The FDA says it has launched education campaigns on digital and social media targeting nearly 10.7 million kids ages 12 to 17 with prevention messages. And it’s teamed up with Scholastic to get e-cigarette prevention posters in every public and private high school in the U.S. The agency is also releasing resources for doctors, youth groups, churches, health agencies, and more to better outline the risks for teens who use the devices. Gottlieb says the FDA will be stepping up its enforcement efforts too.
Kwong, the JUUL Labs spokesman, highlights the way he says the company is policing itself. It has stopped distributing certain flavored Juul pods to traditional retail stores, strengthened the age verification of its industry-leading e-commerce site, eliminated its Facebook and Instagram accounts, and developed new technology he says is aimed at further limiting youth access and use.
On the advocacy front, Rob Crane, MD, a clinical professor of family medicine at Ohio State University in Columbus and the founder of Tobacco 21, says the focus is not only on raising the minimum buying age, but also on increased enforcement. “You have to have a good law to really be effective. Altria and Juul are attempting to co-op the Tobacco 21 movement by introducing weak state laws that penalize kids and clerks while letting owner/operators off the hook. Only laws that hold the tobacco retailer accountable actually work to keep kids away from this deadly addiction."
Smoking and the Teen Brain
Adam Leventhal, PhD, director of the Health, Emotion and Addiction Laboratory at the University of Southern California, was a member of a National Academies of Sciences, Engineering, and Medicine panel that explored the public health consequences of e-cigarettes and published a report on the subject in 2018.
The report points out that since e-cigarettes only hit the market in 2006, little is known about their long-term effects in terms of morbidity and mortality. But it did find substantial evidence that e-cigarette use makes it more likely that young people will someday also use tobacco cigarettes. That is an idea supported in more recent research, too.
Leventhal says doctors also agree that since the adolescent brain is still developing into a person’s 20s, it may be more susceptible to the effects of nicotine than the brain of an adult.
He says technological innovations have also allowed e-cigarettes to deliver nicotine in a form that contains very high concentrations of the substance without a harsh or unpleasant taste. “These are really efficient nicotine delivery devices,” he says.
Maciej Goniewicz, PhD, PharmD, an associate professor of oncology and pharmacology who specializes in toxicology at Roswell Park Comprehensive Cancer Center in Buffalo, NY, agrees. He published research in 2018 that found teen e-cigarette users are getting higher doses of nicotine than previous research has shown teen cigarette smokers do.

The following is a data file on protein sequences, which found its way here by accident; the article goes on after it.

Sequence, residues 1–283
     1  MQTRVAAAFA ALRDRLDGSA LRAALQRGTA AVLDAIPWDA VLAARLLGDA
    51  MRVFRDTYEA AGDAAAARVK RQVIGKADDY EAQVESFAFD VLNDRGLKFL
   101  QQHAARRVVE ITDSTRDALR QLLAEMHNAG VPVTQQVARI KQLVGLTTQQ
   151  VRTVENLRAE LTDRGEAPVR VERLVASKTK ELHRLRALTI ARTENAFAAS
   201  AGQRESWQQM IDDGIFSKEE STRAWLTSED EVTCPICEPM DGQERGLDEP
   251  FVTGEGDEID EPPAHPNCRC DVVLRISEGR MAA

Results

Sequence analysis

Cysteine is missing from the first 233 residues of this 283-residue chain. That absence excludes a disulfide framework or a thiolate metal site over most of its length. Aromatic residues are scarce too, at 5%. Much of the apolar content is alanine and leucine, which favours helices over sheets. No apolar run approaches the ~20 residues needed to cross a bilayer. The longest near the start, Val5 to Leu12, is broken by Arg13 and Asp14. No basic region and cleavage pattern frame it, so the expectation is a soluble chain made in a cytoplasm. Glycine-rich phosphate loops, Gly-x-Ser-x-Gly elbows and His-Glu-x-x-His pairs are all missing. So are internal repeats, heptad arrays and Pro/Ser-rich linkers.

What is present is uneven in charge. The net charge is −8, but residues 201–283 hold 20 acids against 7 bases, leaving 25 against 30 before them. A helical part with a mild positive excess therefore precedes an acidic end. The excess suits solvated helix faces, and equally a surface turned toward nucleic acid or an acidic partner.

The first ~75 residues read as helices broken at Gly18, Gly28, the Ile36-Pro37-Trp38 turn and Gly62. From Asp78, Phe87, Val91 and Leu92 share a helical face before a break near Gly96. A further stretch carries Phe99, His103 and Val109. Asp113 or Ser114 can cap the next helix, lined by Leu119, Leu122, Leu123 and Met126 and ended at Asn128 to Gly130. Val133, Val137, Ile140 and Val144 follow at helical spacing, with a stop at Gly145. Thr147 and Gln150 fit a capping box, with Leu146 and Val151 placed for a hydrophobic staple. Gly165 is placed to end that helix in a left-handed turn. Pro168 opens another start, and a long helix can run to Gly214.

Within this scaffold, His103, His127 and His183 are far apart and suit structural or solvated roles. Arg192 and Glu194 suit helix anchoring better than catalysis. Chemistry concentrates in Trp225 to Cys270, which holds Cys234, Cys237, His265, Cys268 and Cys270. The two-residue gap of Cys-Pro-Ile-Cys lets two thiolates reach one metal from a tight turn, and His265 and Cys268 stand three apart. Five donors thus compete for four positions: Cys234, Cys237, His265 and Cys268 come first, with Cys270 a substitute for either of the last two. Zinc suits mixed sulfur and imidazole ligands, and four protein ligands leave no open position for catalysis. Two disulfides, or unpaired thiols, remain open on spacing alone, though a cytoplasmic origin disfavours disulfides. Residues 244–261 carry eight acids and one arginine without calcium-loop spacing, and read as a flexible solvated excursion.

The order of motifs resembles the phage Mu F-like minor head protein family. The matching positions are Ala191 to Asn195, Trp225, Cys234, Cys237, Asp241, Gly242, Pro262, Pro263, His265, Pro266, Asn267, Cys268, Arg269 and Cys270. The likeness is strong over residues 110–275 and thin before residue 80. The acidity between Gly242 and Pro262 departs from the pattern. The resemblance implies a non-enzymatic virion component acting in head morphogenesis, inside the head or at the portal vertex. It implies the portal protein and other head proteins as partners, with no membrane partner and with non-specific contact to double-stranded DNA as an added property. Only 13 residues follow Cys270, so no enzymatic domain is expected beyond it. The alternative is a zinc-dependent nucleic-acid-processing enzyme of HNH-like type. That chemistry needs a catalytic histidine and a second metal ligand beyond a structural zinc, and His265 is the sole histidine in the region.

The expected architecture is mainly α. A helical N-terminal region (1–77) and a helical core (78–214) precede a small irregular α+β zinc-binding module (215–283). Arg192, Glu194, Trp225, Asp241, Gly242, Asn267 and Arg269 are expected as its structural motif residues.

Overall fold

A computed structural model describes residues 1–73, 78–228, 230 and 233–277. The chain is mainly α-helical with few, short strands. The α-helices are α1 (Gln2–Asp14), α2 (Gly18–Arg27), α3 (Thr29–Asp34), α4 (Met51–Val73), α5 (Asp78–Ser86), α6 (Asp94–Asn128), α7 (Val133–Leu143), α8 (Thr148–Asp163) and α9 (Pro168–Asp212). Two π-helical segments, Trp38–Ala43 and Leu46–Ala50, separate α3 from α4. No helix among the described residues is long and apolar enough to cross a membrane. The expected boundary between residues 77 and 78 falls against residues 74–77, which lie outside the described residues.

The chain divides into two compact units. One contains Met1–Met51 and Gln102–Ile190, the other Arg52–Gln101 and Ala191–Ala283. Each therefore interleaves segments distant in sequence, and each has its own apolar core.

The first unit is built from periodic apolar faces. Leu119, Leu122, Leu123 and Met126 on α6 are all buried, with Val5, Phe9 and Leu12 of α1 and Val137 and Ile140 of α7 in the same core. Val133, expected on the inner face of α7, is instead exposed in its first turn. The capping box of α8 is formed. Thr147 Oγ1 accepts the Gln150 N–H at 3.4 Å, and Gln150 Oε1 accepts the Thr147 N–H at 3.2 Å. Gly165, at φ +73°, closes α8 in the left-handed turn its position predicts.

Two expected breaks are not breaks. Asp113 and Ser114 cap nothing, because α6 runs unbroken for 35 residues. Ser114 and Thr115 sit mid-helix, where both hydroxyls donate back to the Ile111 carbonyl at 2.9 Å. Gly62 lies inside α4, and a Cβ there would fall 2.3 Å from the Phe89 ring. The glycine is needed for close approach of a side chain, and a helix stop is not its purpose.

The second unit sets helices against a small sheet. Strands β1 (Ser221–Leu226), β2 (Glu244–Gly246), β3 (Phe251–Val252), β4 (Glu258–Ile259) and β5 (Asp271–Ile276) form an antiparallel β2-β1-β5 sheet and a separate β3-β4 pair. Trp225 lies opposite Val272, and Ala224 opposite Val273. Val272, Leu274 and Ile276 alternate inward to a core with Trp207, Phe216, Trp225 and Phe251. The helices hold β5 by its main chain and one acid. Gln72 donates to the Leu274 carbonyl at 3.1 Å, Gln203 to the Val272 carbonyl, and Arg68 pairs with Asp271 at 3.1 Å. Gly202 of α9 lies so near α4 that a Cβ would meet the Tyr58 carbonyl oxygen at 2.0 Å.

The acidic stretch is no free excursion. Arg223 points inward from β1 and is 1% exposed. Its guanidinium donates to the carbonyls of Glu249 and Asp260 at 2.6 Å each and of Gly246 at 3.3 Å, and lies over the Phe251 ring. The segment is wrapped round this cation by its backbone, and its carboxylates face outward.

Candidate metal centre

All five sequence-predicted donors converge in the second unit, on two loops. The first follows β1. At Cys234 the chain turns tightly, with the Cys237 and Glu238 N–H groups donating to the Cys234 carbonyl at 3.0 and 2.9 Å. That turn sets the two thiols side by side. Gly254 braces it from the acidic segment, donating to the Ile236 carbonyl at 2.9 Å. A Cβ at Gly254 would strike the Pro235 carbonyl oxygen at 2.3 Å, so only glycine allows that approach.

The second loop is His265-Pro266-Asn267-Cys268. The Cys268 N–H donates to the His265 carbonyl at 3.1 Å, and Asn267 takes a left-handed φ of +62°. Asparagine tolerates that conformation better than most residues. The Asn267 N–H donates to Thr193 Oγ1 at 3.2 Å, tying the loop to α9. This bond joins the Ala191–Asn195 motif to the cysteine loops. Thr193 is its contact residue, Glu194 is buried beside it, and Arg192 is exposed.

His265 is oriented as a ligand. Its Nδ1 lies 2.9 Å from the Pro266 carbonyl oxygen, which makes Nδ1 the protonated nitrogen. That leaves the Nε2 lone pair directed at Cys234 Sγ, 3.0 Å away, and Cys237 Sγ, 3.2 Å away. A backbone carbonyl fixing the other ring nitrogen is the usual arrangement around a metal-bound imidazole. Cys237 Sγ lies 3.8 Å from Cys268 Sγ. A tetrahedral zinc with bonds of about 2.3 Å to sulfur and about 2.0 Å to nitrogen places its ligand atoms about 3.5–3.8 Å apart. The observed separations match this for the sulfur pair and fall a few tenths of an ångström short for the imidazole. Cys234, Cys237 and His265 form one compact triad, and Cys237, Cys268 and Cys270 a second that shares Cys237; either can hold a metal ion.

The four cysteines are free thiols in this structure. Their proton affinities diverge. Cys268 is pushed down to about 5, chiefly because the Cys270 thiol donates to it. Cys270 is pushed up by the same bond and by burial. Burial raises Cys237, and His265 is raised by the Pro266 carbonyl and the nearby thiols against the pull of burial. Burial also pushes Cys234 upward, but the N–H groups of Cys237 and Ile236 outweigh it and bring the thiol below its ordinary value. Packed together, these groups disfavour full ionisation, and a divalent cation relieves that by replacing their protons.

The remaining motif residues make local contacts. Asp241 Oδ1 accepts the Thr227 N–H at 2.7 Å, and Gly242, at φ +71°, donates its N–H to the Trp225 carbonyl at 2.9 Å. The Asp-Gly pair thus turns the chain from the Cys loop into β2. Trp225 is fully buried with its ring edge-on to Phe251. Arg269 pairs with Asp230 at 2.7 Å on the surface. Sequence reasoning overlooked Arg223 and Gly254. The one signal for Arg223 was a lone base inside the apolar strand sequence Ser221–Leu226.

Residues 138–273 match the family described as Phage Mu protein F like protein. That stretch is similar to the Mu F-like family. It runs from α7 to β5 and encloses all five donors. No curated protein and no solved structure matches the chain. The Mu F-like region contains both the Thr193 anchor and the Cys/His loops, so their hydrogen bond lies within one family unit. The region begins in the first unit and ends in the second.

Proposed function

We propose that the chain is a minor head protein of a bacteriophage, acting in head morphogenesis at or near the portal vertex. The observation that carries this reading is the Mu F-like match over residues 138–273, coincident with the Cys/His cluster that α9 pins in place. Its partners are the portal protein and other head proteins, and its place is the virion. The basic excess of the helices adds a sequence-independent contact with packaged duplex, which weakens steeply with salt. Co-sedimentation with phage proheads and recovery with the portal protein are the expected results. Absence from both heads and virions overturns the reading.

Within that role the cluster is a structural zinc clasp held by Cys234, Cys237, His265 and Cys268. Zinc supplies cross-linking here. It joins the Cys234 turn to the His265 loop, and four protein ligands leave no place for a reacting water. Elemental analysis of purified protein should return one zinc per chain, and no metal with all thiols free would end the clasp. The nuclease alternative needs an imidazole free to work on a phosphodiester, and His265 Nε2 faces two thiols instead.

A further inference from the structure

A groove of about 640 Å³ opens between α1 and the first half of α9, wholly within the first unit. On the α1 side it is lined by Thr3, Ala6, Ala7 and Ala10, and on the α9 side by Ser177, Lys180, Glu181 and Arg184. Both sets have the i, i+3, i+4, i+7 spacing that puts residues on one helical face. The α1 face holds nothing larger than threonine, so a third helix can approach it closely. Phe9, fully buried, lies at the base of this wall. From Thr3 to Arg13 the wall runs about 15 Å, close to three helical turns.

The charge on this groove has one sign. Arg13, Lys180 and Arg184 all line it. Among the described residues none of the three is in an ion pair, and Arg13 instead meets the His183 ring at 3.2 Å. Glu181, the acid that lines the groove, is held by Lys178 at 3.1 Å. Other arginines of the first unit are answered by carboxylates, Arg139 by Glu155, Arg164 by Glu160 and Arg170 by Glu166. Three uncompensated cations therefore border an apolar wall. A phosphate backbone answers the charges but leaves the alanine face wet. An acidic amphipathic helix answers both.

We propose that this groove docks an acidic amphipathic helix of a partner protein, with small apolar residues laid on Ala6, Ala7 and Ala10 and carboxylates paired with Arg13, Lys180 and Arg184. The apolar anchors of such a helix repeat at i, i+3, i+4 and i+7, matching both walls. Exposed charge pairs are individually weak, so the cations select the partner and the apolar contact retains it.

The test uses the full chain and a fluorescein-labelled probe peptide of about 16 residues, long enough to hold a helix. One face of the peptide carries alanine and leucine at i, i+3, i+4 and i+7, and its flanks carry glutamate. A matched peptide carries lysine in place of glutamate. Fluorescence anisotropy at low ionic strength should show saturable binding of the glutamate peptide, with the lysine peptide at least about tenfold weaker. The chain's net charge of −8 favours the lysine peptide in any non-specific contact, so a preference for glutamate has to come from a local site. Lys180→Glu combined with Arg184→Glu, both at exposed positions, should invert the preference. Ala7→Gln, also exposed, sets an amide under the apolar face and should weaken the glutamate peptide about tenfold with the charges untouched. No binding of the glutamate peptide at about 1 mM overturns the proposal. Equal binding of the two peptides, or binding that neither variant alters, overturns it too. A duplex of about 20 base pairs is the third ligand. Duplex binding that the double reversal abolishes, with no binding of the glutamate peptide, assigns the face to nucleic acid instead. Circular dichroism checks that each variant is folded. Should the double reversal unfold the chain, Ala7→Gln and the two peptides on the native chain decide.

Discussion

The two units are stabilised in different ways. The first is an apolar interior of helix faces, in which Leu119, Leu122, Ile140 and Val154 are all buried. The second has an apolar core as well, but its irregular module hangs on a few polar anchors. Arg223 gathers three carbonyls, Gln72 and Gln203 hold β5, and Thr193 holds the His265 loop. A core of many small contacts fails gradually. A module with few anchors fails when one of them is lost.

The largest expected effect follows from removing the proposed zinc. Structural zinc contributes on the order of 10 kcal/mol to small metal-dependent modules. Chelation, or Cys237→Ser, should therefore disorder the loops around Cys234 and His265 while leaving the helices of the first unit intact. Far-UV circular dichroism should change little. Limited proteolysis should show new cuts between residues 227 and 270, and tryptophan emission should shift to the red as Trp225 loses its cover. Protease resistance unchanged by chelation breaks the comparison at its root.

But he says addiction risk with e-cigarettes isn’t just about concentration levels. “The drug is delivered really fast from some products. That means the product is more likely to be more addictive,” he says. “It’s about how quickly the user of the drug feels the effect.”
Other research shows:
- Young people can feel addicted to nicotine faster than adults. The CDC says there’s evidence youths may be more sensitive to it and feel dependent faster than adults. Genetics may also make quitting harder when people start using when they are young.
- Studies suggest e-cigarette use may also predict future marijuana use.
- And Chadi has done research that’s found an association between e-cigarette and marijuana use and the development of suicidal thoughts and depression, compared to those not using these devices.
Tips for Parents and Teens
Think your children aren’t using e-cigarettes? Chadi says think again. “Through social contact, virtually every kid in the country could probably have pretty easy access to them,” he warns.
So health experts recommend having honest conversations with teens about the health and addiction risks that come with smoking traditional tobacco products and e-cigarettes. They recommend adults learn about e-cigarette devices so they recognize them if they see them on teens, and they say parents and caregivers should keep an eye on how and where adolescents are spending money, since a problematic e-cigarette habit might not be cheap.
If treatment is needed, Chadi says, get help from trained professionals who can discuss options like counseling as well as nicotine gum, patches, lozenges, and medications. He says that he has worked with teens who have kicked the habit and that the turnaround can be dramatic.
“We had one kid who was having severe memory and focus problems we think may have been due to using several pods a day. It’s also how quickly you use them, and that teen was using several pods in a row,” Chadi says. “He had a very motivated family. Still, it took a few months, but his memory and focus issues have improved. He’s been successful and has recovered.”